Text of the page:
19 March 2007

Reform at the state level

Becoming more involved in Health Care for All Colorado has been a real education in the actual doing of citizen activism, rather than just the writing about it. Big difference.

I'd seen some of this with environmental and women's issues — and at the newspaper as well in a way, now that I think about it. Questions of how closely to ally your group with others, who have different priorities and strategies but the same values. Questions of strategy. Questions of personality and prioritizing.

Health Care for All Colorado's board decided last year to focus on Colorado's 208 Commission and to submit a single-payer proposal to them for consideration.

I agree with the decision, but it's one that members seem to frequently come back around to.

Can single-payer healthcare reform really take place at a state level? It did in Canada — so why not here?

There are a few good answers about why not. The best one seems to me to be because the insurance industry isn't going to let it happen — period. They're 5 percent of the U.S. economy, and they're too powerful to let anyone say they can't skim their shocking profits off an industry that they make inefficient by their very setup.

It's kind of like living in Sicily and wondering why the hell we can't get rid of the Cosa Nostra.

The insurance industry may be able to focus its amazing firepower on us more easily state by state, but it's so powerful that it can do the same at the national level — as it demonstrated in 1994 with the Clinton plan.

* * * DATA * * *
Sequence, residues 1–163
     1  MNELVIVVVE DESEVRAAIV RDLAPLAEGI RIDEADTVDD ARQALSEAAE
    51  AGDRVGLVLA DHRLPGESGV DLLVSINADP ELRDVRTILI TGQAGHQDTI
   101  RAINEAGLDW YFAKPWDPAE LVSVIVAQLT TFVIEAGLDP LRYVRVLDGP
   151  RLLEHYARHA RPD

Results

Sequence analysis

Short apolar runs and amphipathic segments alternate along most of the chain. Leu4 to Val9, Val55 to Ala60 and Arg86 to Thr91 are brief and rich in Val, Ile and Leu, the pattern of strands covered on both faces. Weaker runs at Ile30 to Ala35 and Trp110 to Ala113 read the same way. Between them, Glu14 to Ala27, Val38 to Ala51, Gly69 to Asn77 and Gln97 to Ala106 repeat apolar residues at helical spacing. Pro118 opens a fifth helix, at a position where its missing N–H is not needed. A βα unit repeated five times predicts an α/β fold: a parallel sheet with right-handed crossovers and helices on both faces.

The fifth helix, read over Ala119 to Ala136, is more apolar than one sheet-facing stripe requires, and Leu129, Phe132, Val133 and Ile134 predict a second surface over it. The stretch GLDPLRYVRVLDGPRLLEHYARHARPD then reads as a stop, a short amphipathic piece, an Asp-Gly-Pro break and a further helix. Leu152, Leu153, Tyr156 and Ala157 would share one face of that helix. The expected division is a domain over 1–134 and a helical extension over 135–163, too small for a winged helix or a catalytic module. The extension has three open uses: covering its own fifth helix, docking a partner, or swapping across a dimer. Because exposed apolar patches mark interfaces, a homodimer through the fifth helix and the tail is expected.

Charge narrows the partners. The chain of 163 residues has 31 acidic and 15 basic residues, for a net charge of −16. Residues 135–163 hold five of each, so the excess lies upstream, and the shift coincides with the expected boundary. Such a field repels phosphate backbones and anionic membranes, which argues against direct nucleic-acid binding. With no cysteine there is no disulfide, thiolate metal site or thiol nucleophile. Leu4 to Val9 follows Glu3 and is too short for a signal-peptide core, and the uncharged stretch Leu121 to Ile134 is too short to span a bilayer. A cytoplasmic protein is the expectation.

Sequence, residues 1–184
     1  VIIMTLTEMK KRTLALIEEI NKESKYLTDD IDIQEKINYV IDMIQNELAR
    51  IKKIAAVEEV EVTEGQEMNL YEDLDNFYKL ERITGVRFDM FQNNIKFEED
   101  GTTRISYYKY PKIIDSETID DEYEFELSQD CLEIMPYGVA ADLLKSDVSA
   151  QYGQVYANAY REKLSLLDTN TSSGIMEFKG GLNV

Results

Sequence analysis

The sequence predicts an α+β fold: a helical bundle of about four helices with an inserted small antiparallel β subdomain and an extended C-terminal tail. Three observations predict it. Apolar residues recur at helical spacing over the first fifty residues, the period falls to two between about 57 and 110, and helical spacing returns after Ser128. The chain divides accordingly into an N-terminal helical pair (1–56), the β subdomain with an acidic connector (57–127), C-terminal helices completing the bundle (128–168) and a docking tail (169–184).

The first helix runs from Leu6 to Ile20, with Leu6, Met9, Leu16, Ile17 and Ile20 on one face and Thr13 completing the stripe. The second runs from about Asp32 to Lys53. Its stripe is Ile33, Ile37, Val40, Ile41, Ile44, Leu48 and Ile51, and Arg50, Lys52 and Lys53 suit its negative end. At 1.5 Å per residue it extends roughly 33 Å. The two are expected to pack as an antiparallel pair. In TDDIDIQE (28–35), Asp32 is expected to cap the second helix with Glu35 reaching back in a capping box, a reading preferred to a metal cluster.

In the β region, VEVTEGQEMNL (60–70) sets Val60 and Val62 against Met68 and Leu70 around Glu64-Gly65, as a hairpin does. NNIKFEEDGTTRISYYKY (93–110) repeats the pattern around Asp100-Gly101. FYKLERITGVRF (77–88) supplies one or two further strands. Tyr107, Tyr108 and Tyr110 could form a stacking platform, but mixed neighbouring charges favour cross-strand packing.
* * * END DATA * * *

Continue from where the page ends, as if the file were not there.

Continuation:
The statewide initiatives, however, allow more people to become educated about single-payer, get more people involved at a local level, and allow more people to become truly invested. That makes us more powerful, not less.

An equally powerful argument against trying to get a single-payer proposal passed in Colorado is TABOR. Then again, Oregon has a God-awful super-majority requirement for getting new taxes passed. So it's not just Colorado where the "drown-government-in-a-bathtub" forces have been able tilt the playing field in their direction. And then again, Colorado isn't Oregon. Liberal Denver can't hold a candle to Progressive Portland — which Bush I called "Little Beirut."

I'd be curious to know what the national organizations say about it. Does PNHP think we're wasting our time? There is only so much time and energy, after all. Should all the state organizations give it up, and just write letters to the editors and their representatives, calling for passage of John Conyers' and Dennis Kucinich's bill?

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